I will definitely be mentioning this podcast in future RSFB posts, too. I listen to it on Spotify.

Back when it was on TV in 2015, I loved The Astronaut Wives’ Club (abc). The stories and acting and history drew me right in! It’s based on the true book by Lilly Koppel, which I plan to read soon!

I still can’t figure out why Pan Am was canceled… It has SO many big names and I loved the stories! Admittedly, I haven’t seen the last few episodes in the series but I plan to. This show starred Christina Ricci, Margot Robbie, and Michael Mosley to name a few.

On the shelf…

I’ve tried many time to read The Help but it’s always a DNF. I haven’t given up yet, though.

When these film trailers were released I wanted to see them, but then life got busy. I’m still hoping to watch The Man From U.N.C.L.E., Big Eyes, and definitely Hidden Figures someday!

The mini-series called The Kennedys caught my attention when it was first released and I remember watching the first episode, but then I got distracted. I’d like to go back and watch the whole thing soon!


Alright, that’s it from me today ๐Ÿ™‚ You’ll find more 1960s books, movies, and TV shows over in Alexandra‘s corner of the internet!!

The 1970s saw political scandal, the rise of feminism, and environmentalism and anti-war protests. It was a weird time for the United States and the world. Weโ€™ll be sharing our favorite movies, books, and television shows that encapsulate the strange and groovy 70s. ย 

Did you miss our previous decades-themed posts? Find them here: 1910, 1920, 1930, 1940, 1950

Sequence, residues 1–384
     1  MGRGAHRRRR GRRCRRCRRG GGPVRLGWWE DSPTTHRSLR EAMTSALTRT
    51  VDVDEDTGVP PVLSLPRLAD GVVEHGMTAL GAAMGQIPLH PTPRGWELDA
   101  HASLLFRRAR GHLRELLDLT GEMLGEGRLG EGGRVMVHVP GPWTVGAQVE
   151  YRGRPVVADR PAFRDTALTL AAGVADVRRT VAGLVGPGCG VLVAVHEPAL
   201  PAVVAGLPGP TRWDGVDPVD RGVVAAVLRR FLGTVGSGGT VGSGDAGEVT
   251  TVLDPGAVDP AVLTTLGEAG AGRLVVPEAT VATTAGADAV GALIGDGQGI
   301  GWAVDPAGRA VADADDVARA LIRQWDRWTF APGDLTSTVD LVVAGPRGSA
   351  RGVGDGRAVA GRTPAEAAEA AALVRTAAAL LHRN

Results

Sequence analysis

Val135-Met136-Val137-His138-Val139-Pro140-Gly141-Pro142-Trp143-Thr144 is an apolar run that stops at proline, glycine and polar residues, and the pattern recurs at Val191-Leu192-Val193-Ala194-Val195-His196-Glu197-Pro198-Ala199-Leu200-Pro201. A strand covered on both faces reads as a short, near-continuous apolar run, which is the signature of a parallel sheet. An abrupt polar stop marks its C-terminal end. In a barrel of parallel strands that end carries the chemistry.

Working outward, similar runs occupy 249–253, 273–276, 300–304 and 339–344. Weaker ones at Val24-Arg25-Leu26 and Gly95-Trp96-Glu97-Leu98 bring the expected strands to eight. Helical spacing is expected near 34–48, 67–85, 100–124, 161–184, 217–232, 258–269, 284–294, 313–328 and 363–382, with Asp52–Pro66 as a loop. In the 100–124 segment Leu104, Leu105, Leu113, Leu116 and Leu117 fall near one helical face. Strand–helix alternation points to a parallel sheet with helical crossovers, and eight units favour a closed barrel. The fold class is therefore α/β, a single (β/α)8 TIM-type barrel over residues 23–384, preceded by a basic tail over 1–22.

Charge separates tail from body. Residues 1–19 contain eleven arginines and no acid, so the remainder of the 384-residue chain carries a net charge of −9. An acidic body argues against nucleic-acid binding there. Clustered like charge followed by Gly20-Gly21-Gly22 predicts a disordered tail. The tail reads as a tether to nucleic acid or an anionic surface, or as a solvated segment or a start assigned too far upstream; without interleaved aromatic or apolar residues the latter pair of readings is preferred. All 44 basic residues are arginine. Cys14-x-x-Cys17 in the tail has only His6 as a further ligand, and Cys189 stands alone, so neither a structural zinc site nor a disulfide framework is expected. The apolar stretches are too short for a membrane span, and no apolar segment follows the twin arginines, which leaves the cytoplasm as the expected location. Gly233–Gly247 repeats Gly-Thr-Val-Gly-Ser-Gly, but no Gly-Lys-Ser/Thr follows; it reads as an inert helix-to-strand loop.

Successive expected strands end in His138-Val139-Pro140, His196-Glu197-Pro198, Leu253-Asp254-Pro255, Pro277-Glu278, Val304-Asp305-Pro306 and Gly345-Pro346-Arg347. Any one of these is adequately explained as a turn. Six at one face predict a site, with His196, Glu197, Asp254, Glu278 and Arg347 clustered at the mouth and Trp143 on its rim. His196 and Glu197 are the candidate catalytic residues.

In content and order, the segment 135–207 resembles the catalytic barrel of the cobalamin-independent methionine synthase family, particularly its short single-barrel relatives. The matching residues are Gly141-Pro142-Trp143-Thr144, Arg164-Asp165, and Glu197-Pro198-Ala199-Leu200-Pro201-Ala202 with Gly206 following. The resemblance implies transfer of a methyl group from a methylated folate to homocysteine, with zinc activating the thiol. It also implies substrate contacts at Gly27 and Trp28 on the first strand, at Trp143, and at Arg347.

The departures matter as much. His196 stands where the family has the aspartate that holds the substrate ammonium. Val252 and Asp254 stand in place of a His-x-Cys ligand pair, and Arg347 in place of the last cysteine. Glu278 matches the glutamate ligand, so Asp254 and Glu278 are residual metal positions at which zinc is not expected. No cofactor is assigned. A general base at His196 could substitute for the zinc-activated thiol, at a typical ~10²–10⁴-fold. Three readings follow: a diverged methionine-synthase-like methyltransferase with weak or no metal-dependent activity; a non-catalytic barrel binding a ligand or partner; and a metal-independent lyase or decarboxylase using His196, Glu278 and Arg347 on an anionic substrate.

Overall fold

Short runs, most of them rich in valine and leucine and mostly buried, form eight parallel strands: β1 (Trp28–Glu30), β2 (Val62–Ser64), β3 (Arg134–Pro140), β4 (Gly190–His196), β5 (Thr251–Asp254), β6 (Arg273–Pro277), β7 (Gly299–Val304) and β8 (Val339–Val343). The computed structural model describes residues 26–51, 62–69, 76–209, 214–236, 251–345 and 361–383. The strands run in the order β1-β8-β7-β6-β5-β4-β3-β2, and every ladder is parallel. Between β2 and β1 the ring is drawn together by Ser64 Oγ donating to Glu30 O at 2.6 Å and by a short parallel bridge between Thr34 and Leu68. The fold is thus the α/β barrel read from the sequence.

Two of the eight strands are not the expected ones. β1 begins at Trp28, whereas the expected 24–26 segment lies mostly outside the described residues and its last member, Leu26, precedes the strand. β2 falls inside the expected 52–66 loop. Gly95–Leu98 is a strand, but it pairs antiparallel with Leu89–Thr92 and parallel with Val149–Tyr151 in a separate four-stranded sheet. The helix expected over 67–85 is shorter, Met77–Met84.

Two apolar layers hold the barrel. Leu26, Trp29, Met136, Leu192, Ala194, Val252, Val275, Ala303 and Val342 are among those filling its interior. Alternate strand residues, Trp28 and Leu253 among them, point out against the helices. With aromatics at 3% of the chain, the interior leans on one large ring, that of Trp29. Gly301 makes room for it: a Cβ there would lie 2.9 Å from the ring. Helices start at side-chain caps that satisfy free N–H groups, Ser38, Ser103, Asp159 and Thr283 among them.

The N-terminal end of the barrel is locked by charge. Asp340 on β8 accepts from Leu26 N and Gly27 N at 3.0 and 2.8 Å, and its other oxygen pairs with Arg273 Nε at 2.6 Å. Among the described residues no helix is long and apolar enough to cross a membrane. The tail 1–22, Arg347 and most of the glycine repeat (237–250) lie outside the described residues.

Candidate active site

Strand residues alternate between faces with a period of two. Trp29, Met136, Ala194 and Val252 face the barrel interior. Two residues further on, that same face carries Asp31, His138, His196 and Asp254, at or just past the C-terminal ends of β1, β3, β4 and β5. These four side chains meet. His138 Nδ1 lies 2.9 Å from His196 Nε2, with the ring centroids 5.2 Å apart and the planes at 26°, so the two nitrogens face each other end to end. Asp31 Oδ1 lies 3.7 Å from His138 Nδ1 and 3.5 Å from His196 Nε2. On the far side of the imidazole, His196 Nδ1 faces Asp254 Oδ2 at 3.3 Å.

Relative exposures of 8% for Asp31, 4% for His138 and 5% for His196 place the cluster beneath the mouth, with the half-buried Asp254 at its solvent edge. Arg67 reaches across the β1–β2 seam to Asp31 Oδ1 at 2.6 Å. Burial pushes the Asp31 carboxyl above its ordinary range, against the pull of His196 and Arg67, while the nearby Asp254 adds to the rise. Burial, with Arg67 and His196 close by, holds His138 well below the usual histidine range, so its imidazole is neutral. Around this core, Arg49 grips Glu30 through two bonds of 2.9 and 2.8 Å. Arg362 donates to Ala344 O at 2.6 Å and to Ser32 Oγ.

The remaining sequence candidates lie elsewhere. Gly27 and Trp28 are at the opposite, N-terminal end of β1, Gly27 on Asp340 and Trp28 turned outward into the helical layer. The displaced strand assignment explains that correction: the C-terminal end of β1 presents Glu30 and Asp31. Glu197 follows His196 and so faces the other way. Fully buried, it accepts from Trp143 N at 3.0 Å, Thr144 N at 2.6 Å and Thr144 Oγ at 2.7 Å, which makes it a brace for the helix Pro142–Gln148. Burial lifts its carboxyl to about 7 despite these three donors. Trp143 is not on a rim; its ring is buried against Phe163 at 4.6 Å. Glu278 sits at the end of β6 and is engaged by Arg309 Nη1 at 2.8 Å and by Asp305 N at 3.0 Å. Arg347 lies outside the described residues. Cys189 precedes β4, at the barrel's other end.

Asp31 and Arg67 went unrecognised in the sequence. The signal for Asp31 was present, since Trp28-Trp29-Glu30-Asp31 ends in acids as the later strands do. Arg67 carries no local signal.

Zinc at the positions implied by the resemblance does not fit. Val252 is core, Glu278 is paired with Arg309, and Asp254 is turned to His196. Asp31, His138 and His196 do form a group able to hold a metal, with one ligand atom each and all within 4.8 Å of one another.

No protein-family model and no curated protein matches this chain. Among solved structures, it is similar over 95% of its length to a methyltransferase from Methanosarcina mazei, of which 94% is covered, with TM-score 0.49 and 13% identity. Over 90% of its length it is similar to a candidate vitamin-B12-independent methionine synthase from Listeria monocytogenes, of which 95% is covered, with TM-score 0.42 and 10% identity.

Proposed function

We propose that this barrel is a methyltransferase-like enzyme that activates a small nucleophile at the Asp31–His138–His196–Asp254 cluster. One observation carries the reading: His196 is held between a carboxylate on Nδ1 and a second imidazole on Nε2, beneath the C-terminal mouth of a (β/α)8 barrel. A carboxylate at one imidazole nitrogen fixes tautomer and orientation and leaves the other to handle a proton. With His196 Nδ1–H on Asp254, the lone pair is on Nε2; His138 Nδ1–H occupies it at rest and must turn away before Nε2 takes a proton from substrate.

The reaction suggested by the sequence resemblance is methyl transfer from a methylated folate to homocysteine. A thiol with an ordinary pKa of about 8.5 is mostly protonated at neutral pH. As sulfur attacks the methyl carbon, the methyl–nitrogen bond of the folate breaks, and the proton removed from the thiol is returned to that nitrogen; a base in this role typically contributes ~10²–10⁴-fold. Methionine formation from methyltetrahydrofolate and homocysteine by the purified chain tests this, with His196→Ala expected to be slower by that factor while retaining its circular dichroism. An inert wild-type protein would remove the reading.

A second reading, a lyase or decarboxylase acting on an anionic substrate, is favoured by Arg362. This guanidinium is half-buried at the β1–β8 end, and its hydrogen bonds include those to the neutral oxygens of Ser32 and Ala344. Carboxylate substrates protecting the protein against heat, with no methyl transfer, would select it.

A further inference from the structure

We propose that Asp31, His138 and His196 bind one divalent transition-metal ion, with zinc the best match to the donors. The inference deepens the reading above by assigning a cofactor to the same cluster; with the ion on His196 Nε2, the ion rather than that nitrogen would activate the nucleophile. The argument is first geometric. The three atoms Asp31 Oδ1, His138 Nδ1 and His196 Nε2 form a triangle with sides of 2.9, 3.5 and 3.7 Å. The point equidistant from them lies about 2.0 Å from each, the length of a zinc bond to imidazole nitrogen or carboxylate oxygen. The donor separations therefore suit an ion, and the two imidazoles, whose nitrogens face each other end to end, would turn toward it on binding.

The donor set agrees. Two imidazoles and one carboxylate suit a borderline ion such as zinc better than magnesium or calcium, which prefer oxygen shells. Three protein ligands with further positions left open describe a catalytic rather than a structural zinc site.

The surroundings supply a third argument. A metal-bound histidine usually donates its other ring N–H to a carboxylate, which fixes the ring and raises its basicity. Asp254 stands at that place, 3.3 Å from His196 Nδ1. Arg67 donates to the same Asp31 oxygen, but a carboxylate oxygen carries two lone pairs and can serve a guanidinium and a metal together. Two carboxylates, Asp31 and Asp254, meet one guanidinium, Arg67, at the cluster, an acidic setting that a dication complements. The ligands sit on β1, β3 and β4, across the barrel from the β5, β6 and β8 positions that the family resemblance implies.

Book Challenge by Erin 9.0 Selections

Is it that time again, Audrey?? Yes. Yes, it is.

Erin released the prompts for her next book challenge and I’m so excited! This four month reading challenge goes from July 1 to Oct. 31. I have a few work trips in there so fingers crossed I get some travel-reading done.

Ok, I’ll talk rules and dets after I share my choices ๐Ÿ™‚

Book Challenge by Erin 9.0

|5 points| Freebie (at least 200 pages): One Dark Throne by Kendare Blake
|10 points| Starts with the letter N: Nine Women, One Dress by Jane L. Rosen
|10 points| Has a mostly orange color: A Tyranny of Petticoats by various authors
|15 points| A book with an unlikable character: The Casual Vacancy by J.K. Rowling
|20 points| One of the 100 books PBS calls “The Great American Read”Harry Potter & the Prisoner of Azkaban (illustrated version) by J.K. Rowling
|20 points| Something related to water in the title: On A Cold Dark Sea by Elizabeth Blackwell
|25 points| A book youโ€™ve owned the longest (GoodReads list) but havenโ€™t read yet: The Astronaut Wives Club by Lily Koppel
|30 points| An emotion word in the title: The Hate U Give by Angie Thomas
|30 points| Each word in the title begins with the same letter: After Alice by Gregory Maguire
|35 points| A book featuring a character who shares your profession or similar one (i.e. does the same kind of thing as you do day to day): The Wall of Winnipeg and Me by Mariana Zapata

Ok… on to my sales pitch ๐Ÿ˜‰

Just kidding, it’s not a pitch. Erin hosts the most supportive and encouraging challenges, though. I use them as motivation to put down the remote or phone and pick up a book or Kindle. I read ONE book in my very first challenge- it’s not about how fast or many you read. It’s about enjoying the stories along the way. Absolutely ZERO pressure.

If you do want to partake, select your books and have them to Erin’s FB page before July (the earlier, the better- but she takes late joiners, too). Reading starts at 12:00am on July 1st and ends at 11:59pm on October 31st. One book can be a reread for you, but all categories must be different books (no doubling up to check off two categories) and all books must be 200+ pages. You can use audio and ebooks as long as they meet those requirements. Any questions? You can check out Erin’s FB page or ask me!